Section 8 of the Party Wall Act confirms a right of access over a neighour’s land although it comes with 2 important qualifiers; the work being undertake must be ‘in pursuance of the Act’ and the access must be necessary.
‘In pursuance of the Act’ simply means that it must be one of the types of work described as being notifiable in sections 1, 2 & 6. That would include such tasks as excavating the foundations to a new party wall, constructing that party wall or demolishing and rebuilding an existing party wall. There are other works close to the boundary for which a building owner may like to have access, such as raising a wall at the boundary, but the Act grants no such right.
Agreeing what is ‘necessary’ can be more problematic but shouldn’t be. Simply put, if the works can be completed without access, even if it adds to the cost of timescale, the right will not be available. A simple example would relate to the construction of a rear extension with a flank wall at the boundary – it might suit the building owner to leave a hoarding in place for the whole duration of the work as it effectively enlarges the site and provides a useful space for storing materials but that it not acceptable. The work requiring access should be prioritised so that the adjoining owner get their garden back as soon as possible and do not suffer unnecessary inconvenience.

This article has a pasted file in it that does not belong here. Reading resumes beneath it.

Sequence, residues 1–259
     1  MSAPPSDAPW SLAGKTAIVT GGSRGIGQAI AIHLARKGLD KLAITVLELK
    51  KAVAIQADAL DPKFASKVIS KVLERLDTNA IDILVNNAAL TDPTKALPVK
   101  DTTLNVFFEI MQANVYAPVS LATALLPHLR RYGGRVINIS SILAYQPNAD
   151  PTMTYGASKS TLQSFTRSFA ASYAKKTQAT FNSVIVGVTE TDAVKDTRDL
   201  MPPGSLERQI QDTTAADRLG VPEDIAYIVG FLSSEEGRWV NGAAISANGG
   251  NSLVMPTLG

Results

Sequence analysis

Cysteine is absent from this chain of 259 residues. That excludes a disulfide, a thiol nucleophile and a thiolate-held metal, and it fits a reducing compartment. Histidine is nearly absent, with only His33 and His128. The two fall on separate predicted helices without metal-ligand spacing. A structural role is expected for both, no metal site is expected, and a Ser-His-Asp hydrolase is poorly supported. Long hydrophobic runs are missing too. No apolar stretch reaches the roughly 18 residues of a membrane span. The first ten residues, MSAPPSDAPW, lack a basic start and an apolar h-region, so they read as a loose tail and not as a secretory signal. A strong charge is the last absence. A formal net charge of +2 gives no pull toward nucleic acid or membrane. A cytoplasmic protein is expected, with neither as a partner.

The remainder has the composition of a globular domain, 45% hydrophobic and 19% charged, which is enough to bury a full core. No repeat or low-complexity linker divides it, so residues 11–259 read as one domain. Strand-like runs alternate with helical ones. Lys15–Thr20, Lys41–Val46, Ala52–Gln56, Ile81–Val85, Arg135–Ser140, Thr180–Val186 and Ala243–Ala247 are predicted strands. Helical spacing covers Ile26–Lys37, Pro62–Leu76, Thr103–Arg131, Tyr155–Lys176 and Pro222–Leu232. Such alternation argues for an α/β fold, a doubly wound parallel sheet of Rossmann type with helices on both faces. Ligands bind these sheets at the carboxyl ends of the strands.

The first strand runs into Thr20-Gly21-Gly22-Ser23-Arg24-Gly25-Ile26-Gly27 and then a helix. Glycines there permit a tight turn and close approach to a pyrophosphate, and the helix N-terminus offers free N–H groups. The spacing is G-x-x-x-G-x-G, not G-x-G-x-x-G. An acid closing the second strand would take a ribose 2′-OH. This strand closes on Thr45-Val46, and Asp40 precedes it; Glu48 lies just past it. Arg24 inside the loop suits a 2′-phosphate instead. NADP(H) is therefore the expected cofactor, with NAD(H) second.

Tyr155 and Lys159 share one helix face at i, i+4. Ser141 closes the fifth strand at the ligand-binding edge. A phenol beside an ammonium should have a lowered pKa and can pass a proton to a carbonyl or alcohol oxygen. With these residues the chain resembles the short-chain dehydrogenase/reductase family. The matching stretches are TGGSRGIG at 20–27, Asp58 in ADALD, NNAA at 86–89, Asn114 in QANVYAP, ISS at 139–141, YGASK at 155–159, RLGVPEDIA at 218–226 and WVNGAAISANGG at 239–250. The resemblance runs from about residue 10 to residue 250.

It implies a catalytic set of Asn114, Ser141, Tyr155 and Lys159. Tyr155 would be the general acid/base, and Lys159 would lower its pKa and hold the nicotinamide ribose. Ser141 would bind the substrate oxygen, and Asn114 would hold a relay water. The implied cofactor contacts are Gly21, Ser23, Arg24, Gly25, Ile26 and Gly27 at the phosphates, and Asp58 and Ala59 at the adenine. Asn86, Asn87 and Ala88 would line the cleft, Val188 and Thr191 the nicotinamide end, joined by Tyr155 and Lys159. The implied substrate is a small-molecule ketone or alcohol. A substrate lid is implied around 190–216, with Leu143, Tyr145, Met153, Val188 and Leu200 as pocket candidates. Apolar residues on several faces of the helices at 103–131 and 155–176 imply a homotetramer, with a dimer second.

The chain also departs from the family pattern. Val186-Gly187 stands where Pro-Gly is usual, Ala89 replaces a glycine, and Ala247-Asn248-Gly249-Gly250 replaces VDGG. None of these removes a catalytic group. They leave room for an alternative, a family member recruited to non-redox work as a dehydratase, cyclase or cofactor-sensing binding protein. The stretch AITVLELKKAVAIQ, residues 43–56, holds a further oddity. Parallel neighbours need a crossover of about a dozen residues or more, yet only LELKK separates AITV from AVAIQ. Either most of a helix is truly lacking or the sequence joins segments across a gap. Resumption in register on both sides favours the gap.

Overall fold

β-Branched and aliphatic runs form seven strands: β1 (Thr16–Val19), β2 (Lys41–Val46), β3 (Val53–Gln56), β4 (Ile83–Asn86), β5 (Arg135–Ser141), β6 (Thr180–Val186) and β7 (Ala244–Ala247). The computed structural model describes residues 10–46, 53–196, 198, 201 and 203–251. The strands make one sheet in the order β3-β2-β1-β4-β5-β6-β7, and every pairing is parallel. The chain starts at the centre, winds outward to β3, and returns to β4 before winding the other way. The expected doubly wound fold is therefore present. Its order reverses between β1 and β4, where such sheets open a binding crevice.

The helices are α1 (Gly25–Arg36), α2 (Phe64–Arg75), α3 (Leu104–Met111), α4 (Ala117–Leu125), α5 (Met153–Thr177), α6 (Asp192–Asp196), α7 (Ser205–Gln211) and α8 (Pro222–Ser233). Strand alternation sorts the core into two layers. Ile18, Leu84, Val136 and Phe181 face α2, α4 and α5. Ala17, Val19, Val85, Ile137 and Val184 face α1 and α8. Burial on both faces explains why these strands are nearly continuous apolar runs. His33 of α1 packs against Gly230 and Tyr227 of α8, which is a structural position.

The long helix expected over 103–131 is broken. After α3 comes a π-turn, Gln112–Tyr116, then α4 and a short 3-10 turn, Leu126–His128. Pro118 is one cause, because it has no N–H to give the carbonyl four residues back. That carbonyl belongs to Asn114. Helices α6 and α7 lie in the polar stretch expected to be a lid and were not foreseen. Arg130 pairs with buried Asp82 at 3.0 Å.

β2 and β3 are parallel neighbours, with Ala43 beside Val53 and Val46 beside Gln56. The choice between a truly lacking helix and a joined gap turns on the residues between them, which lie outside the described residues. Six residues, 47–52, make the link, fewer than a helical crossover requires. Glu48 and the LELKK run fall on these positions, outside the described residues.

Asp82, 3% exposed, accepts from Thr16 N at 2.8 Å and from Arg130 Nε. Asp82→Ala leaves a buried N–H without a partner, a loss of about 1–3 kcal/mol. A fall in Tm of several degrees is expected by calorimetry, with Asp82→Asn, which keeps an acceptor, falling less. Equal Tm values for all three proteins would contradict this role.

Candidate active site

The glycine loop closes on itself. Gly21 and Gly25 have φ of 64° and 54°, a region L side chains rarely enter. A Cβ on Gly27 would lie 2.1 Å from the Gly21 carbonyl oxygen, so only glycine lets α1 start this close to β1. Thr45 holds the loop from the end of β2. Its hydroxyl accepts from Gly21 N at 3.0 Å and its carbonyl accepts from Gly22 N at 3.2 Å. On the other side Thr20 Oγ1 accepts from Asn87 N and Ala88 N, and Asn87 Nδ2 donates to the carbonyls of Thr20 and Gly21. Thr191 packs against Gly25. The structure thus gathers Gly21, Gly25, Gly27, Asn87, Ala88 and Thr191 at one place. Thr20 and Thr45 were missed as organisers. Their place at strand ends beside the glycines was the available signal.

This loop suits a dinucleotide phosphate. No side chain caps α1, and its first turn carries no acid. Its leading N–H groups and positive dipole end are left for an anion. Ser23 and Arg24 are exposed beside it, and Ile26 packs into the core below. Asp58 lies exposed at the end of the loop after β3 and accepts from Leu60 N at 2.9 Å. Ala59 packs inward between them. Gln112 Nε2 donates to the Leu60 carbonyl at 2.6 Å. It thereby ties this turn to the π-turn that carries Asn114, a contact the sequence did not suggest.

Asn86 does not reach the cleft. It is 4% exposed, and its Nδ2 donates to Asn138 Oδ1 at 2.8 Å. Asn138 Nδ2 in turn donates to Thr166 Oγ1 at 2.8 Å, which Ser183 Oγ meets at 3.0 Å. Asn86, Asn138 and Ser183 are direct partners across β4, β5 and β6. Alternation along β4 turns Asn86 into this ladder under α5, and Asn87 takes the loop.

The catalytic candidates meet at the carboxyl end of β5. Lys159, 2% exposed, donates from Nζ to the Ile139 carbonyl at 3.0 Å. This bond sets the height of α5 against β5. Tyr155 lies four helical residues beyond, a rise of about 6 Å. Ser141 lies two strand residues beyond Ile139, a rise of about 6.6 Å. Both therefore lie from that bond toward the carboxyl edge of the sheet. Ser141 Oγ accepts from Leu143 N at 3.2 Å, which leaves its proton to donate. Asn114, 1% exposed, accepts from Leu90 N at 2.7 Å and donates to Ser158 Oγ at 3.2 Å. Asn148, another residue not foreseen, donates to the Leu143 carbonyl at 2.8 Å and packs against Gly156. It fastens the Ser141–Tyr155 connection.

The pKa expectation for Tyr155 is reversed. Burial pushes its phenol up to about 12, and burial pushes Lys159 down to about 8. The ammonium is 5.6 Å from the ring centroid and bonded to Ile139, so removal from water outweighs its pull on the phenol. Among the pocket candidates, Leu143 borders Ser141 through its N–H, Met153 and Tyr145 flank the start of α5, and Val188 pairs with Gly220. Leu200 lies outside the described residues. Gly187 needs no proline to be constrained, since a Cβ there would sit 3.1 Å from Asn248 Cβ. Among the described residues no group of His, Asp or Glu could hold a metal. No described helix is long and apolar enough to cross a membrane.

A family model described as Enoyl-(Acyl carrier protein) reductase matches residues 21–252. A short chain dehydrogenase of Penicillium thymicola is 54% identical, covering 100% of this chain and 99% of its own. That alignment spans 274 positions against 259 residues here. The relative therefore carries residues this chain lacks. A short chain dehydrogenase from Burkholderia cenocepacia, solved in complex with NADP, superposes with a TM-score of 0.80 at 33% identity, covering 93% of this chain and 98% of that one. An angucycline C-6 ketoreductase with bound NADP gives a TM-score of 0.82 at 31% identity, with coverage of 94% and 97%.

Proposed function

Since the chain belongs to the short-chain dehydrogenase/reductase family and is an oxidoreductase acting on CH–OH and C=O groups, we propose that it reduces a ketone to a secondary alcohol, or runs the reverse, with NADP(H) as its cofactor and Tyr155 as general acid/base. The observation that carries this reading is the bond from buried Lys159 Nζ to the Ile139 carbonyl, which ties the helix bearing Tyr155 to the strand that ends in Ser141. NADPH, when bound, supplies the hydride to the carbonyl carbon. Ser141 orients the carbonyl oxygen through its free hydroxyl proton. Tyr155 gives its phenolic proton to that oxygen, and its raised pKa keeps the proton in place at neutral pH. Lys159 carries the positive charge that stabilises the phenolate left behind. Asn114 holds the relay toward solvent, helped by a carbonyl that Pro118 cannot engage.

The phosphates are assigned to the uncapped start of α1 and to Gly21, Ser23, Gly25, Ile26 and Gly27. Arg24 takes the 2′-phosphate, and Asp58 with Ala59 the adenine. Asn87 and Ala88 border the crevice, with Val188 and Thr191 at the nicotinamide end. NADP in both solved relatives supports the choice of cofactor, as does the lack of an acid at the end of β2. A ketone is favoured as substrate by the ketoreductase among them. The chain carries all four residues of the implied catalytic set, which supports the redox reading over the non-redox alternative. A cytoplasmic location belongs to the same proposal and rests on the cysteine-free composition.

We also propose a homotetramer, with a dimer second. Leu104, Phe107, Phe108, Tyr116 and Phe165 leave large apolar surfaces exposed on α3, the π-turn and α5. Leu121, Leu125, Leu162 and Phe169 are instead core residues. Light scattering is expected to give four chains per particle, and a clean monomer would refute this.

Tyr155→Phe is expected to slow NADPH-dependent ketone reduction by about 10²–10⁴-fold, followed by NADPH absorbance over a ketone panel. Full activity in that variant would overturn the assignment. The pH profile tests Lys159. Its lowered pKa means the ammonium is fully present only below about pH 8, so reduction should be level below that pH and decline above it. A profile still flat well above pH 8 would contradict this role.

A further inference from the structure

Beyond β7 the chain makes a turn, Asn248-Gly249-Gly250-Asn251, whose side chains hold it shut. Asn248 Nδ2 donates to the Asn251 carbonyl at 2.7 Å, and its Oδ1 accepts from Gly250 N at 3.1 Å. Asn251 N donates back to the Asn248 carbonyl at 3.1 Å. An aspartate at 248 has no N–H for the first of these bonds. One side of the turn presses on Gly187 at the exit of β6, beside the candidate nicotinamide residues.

Access is subject to 14 days notice in writing although that can be shortened by agreement – there’s no reason why that notice cannot be served in advance of the award being served so that the works (and the associated access) can commence immediately.
The terms of access will generally be agreed between the surveyors and confirmed in the party wall agreement. Typical safeguards include the erection of a safety/security hoarding, the protection of paving and the temporary relocation of plants.
Where there is a right of access under the Act it is unlawful for the adjoining owner to prevent that access and the provisions included in the Act to ensure that the right of access is not frustrated are unusually forceful – section 8 confirms that should access not be granted the building owner (or his agent/workmen) may ‘ … if accompanied by a constable or other police officer, break open any fences or doors in order to enter the premises’.
This article was provided by the party walls team at Peter Barry Chartered Surveyors. If you are in the London area and have a question relating to access for party wall works or any related matter you can contact them on 020 7183 2578 or by email and receive up to 20 mins free advice.